How To Get a Dog or Cat to Take It’s Medicines – Pilling a Dog

How To Get a Dog or Cat to Take It’s Medicines

A lot of cats and dogs won’t “take” their medications. Even if they (at first) would accept a piece of cheese or bread with a pill in it, sooner or later they can “figure it out” and reject ANYTHING with the pill in it. So, then what?

Or what if the dog just isn’t eating? Do you HAVE to poke the pill down the dog or cat”s throat? Not necessarily.

Now, for SOME pets it’s fine to poke a pill. I can do whatever I want with Ajax. It would be more difficult with Izzie and it would be impossible with Luna because Luna is so tiny.

You should check with me before you grind up a pill in case something’s time-released or can’t be crushed without losing potency or becoming dangerous, but MOST medications can be ground up and mixed with:

  • Peanut butter
  • Honey
  • Cheese (Melted)
  • Karo Syrup
  • Syrup
  • Gravy
  • Baby Food

How do you grind up a pill?

This is the mortar and pestle I’ve been using.

Well at my house I’ve used a mortar and pestle. Pictured.

But there are much easier was to grind a pill

They make a little plastic grinder for under ten bucks (pic below) that does a great job, is easy for normal / weak hands and is easy to load and unload.

If I was to replace the mortar with another mortar, like the one at left I would buy a mortar and pestle made of stainless steel. It just removes the incidence of powdered stone getting into my grind. Which is HIGHLY unlikely and inconsequential but frankly, stainless steel looks (and is) more medical.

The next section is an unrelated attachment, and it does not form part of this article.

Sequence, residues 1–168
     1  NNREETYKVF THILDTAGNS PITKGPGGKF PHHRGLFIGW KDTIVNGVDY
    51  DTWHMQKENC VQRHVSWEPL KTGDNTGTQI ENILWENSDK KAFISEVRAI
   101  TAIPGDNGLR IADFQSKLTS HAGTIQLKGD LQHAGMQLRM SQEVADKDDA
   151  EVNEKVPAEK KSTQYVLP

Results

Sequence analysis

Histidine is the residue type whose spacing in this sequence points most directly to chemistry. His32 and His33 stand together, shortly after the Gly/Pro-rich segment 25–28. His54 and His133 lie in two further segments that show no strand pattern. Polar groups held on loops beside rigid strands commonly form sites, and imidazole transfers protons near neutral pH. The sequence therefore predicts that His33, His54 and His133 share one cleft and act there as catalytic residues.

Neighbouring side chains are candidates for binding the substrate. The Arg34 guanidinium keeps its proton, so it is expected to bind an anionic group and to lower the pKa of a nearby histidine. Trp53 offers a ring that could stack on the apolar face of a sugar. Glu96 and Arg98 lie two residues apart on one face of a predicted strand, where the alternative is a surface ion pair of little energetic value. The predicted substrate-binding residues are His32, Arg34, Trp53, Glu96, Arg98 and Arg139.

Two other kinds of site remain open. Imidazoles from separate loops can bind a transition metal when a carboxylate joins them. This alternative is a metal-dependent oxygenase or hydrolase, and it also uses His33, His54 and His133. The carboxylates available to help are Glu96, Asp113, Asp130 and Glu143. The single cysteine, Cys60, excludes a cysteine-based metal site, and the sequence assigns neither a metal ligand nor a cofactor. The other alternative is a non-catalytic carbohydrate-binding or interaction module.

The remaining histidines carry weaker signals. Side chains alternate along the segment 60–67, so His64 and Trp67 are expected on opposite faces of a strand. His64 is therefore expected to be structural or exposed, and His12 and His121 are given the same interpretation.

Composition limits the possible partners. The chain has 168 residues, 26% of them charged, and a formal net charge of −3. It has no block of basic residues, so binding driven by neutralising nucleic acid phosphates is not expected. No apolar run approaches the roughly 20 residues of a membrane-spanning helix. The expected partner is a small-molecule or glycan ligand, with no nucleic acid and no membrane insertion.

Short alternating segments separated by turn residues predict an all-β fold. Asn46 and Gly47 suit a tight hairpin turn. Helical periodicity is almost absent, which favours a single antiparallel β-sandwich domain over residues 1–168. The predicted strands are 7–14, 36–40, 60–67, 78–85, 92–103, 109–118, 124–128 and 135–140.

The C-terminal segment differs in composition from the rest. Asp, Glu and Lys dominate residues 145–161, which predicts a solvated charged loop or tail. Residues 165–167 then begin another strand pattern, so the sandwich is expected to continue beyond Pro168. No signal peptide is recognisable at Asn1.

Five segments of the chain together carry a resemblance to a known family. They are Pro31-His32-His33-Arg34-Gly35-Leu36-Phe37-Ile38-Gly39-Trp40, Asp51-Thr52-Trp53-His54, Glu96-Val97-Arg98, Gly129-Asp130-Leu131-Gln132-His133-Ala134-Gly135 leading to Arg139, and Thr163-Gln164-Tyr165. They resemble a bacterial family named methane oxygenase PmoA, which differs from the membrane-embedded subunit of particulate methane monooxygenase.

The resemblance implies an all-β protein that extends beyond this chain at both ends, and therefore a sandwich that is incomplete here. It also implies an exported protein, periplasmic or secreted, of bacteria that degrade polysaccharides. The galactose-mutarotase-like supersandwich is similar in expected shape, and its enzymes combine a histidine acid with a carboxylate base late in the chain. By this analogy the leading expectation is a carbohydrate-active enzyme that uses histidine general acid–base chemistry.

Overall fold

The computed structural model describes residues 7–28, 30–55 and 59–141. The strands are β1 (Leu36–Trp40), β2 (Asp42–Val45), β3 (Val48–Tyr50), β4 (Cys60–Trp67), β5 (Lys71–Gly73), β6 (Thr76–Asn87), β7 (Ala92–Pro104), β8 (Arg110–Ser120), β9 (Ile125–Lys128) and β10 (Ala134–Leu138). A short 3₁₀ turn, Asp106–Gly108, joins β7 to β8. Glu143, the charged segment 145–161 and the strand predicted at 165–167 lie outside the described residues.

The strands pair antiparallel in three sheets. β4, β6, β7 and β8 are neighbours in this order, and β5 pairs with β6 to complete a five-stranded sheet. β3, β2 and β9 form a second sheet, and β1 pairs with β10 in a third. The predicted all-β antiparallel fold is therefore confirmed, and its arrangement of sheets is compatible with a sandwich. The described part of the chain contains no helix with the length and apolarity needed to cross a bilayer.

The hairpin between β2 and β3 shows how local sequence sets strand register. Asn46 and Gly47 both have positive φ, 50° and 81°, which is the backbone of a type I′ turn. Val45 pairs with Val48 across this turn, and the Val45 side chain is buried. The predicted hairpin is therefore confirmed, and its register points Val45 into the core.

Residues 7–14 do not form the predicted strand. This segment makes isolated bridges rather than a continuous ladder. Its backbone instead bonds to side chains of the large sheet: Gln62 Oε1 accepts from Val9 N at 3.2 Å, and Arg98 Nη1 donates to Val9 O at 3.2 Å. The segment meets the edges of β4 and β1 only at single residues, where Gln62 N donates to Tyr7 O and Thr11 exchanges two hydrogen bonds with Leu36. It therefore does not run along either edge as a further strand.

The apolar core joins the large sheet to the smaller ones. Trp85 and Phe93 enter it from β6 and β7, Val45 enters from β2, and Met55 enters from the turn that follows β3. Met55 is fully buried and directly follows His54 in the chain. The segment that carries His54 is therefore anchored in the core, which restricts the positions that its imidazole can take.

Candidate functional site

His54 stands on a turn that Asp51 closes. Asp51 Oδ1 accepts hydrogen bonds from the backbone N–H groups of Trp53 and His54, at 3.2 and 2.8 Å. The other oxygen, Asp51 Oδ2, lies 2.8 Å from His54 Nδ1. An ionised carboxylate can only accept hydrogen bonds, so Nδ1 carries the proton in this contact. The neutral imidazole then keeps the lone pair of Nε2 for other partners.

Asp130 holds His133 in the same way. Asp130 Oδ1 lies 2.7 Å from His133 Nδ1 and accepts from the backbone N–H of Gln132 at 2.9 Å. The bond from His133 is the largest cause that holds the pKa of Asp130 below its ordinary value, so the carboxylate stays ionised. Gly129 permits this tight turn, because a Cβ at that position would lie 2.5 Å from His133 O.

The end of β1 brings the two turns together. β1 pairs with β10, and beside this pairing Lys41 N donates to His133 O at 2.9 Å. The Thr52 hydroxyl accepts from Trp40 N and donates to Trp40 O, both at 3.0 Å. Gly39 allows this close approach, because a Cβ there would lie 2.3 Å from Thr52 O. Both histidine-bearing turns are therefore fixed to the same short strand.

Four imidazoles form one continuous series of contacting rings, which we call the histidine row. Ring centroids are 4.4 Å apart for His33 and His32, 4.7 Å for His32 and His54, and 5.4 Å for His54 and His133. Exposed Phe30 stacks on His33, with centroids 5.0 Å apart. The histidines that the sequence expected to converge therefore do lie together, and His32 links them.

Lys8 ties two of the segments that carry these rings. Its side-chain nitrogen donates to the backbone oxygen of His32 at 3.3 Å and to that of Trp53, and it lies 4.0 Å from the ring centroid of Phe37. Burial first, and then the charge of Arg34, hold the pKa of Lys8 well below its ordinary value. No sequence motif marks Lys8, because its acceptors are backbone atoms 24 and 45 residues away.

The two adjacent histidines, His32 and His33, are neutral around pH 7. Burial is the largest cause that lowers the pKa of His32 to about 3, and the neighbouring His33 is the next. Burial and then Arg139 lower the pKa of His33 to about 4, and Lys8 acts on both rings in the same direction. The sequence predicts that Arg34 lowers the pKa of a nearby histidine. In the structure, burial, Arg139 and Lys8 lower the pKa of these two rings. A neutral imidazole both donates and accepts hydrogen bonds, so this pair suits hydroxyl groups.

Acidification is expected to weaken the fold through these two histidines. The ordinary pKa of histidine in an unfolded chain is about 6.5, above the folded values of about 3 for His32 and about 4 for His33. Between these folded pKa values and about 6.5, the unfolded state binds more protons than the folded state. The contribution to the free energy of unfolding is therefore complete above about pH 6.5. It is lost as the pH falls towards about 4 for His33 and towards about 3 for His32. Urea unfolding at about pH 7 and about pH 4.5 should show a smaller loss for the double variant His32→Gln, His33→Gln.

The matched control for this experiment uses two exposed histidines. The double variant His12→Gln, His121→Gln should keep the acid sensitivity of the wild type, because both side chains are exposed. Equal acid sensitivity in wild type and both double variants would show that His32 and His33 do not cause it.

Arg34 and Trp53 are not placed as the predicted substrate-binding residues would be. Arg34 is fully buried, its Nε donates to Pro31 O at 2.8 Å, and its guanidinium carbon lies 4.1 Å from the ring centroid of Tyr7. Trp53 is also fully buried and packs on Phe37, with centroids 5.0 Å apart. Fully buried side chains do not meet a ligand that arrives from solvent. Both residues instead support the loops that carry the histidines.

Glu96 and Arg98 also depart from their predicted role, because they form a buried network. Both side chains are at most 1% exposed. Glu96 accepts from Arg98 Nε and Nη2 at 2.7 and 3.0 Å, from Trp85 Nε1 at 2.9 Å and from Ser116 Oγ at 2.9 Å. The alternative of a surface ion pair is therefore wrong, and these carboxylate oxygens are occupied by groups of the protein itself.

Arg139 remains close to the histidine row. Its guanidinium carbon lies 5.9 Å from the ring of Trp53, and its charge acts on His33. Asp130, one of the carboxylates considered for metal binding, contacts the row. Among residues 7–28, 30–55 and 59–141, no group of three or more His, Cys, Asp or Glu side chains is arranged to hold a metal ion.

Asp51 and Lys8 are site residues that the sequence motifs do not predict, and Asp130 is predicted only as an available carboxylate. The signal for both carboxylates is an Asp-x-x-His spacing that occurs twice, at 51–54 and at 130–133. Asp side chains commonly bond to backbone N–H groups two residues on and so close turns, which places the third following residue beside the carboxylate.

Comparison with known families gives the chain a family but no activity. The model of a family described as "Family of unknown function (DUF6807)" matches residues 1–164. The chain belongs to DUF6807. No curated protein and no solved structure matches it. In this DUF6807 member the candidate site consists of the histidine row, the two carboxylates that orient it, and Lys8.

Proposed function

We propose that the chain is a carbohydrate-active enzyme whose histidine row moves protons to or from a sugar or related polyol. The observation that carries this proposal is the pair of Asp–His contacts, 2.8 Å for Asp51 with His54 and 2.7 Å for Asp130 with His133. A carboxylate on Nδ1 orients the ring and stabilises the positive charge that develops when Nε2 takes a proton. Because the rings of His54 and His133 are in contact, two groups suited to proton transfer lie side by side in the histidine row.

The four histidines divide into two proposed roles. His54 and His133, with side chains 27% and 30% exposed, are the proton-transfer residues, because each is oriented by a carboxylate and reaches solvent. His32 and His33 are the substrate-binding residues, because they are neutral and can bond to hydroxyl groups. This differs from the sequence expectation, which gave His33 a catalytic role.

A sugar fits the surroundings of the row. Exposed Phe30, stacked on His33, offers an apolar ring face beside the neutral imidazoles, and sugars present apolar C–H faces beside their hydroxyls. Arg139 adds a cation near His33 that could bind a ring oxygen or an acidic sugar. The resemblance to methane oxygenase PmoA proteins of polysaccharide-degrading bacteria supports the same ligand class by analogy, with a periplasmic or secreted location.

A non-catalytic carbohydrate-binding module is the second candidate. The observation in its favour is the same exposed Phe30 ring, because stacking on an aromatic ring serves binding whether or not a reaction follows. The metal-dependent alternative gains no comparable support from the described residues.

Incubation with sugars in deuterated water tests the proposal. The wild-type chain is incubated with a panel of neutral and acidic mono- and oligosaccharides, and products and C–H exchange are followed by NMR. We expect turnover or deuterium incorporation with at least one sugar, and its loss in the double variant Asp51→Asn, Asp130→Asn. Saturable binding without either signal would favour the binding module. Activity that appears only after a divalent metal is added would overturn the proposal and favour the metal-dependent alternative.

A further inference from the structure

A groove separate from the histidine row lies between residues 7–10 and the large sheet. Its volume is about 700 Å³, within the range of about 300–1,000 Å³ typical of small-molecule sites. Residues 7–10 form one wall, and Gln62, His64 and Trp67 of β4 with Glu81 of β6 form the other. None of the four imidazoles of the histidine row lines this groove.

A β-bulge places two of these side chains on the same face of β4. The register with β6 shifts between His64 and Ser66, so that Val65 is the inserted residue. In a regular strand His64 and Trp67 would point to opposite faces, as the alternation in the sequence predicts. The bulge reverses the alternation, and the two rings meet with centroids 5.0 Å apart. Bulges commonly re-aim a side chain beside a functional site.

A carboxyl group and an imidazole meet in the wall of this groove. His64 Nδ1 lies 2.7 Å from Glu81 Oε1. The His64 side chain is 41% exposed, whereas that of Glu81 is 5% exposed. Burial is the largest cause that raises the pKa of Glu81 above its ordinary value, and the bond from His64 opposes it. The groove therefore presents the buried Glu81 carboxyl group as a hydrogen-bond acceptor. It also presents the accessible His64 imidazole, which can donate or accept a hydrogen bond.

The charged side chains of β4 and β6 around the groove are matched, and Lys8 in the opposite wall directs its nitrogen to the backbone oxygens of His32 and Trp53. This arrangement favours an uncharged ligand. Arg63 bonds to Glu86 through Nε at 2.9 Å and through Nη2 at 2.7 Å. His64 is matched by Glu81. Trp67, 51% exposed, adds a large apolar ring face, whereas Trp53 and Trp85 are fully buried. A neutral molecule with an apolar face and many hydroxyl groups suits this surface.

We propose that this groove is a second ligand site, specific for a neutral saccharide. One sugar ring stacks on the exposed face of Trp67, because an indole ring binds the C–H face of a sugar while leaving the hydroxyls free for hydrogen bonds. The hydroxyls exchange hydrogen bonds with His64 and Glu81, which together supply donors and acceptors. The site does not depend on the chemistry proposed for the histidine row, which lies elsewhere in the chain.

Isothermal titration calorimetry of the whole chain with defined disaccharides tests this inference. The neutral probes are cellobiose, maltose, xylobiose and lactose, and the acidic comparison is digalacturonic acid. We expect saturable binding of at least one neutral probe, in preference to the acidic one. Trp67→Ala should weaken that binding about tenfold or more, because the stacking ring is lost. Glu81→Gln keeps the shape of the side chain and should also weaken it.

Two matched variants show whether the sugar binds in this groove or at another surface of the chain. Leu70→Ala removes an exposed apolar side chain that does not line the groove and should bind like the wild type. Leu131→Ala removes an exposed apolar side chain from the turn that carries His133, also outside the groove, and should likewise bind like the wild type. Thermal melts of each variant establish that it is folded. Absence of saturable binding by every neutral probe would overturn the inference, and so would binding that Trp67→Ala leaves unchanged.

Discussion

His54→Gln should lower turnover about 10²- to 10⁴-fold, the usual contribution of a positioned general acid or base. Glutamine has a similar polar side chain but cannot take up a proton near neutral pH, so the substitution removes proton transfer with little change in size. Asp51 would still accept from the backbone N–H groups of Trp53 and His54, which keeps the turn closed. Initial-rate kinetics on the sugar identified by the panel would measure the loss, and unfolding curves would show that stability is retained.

Back to the idea.

When we give Izzy her pills, we simply crush her pills all together in the mortar and mix the pills with a little peanut butter and enough honey to make it “thin-ish” and we smear it on a plate. Down it goes. She seems not to taste anything.

Most people don’t try the “smear-on-a-plate” thing. They go straight to “make the pills into a liquid” thing.

That’d be about the same as crushing the pills – and putting them in Karo Syrup or something equally thin and syringe-able. (I don’t know why I started with Karo so long ago, for all I know it’s all I had in the cupboard, but it’s worked so well I’ve never even had to TRY honey or other syrups.)

Recently a client said that her dog has NEVER particularly cared for sweets so she immediately tried gravy and that was a hit. I imagine that some dogs would lap up gravy without any assistance but if you pick a decent, thin gravy you could syringe it if they didn’t just lap it up.

Kelly crushes Izzy’s pills sometimes, and melts a mild cheddar cheese, then mixes the powder in the melted cheese and lets that start to harden up, but while it’s still warm and soft, she gives the medicine. It works.


This article in printable format:  Pilling_A_Difficult_Dog_Or_Cat

Dr Erik Johnson is a Marietta, Georgia Veterinarian with a practice in small animal medicine. He graduated from University of Georgia with his Doctorate in 1991. Dr Johnson is the author of several texts on Koi and Pond Fish Health and Disease as well as numerous articles on dog and cat health topics.